Purcell A T, 1984, "The organisation of the experience of the built environment" Environment and Planning B: Planning and Design 11(2) 173 – 192
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The organisation of the experience of the built environment
A T Purcell
Received 29 September 1983; in revised form 24 March 1984
Abstract. Two experiments are reported which examine hypotheses concerning architecture as a nonverbal language and the relationship between a nonverbal language and models of the organisation of our experience in cognitive psychology. The class of building studied was the church. In the first experiment subjects were asked to record their first experience after a 0.5 second exposure to thirteen examples of churches and subsequently, when shown the slides again, to record the activity which they thought occurred in the building. Very little evidence was found for a coherent set of experiences resulting from exposure to the buildings, and what structure was apparent was related to physical attributes of the building or the activities that occurred in them and not to the types of experience that would be expected to be related to churches. In contrast, considerable structure was apparent in the activities attributed to the buildings and this was not confined to recognising all the buildings as churches.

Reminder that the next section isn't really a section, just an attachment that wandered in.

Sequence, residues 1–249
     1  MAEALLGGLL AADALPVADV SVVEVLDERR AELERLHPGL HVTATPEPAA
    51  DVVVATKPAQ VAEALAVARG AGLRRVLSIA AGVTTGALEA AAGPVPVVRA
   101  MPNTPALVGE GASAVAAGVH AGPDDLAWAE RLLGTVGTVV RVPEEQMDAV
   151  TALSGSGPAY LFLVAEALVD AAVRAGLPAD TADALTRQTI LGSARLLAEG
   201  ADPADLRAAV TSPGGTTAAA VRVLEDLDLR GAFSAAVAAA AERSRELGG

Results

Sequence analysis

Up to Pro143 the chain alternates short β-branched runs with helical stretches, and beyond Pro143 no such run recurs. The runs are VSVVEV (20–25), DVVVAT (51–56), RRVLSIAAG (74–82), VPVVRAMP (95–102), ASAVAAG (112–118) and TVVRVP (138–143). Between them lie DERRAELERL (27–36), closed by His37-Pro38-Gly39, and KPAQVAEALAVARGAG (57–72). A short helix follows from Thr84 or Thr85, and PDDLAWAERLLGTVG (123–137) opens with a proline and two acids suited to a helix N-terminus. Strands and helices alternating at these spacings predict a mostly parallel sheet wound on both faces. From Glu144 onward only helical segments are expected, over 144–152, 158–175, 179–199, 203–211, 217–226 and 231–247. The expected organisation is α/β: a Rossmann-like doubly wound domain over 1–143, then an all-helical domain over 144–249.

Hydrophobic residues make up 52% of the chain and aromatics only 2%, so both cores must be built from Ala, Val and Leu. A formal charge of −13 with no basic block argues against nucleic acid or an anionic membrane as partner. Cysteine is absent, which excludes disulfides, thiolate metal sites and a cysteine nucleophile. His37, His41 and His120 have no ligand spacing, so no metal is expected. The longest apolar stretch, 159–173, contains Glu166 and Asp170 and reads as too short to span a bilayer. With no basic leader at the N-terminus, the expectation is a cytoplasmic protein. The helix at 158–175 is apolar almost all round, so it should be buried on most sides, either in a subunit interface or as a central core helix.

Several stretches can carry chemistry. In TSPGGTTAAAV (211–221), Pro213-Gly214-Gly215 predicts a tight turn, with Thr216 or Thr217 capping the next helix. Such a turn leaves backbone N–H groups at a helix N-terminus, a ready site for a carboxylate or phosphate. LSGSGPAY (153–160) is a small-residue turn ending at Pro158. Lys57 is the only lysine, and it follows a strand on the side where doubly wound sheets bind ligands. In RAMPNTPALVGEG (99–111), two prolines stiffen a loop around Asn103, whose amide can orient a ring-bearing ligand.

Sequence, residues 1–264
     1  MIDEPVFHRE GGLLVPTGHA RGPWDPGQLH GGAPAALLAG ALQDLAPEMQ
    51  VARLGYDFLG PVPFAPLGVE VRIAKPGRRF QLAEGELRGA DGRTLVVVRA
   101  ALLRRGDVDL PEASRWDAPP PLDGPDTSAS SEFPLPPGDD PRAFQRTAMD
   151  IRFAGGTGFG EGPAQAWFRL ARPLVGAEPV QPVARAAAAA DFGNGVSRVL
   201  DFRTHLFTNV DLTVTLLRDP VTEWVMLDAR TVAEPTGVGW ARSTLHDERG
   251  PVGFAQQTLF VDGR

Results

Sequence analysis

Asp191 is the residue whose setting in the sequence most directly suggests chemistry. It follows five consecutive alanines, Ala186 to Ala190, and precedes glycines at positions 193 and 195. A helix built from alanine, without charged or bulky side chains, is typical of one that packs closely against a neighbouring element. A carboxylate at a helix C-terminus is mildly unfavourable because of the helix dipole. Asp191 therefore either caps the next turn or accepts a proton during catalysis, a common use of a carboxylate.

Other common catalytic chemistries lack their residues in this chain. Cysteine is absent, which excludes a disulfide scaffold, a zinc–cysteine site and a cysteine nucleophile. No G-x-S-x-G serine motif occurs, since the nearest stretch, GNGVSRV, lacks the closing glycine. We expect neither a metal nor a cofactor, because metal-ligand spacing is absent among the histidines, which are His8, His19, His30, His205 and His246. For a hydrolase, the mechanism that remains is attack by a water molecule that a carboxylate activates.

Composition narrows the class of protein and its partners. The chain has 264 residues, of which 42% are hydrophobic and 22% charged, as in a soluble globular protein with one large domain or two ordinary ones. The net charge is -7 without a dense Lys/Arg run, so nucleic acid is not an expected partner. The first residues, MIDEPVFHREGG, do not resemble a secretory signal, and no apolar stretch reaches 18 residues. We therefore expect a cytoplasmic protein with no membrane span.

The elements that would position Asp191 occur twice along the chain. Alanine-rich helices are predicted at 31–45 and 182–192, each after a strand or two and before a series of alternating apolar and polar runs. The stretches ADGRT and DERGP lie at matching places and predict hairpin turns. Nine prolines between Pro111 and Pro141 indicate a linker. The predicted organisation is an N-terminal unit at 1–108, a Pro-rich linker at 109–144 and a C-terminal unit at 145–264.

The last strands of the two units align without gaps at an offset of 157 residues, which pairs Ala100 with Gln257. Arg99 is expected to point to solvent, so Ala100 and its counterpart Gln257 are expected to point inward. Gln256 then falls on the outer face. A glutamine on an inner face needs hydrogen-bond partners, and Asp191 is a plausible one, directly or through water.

In a second experiment Rosch's model of category formation through overlap of attributes of examples with the attributes of a prototype was investigated with an expanded series of churches from the first experiment (twenty-eight versus the thirteen in the first experiment) through ratings of goodness of examples and interest. Ratings of interest were included because of the importance this concept holds in theories of aesthetics and to determine whether other types of categories than goodness-of-example-based categories also existed. Clear evidence was obtained of a prototypical structure for both sets of ratings.
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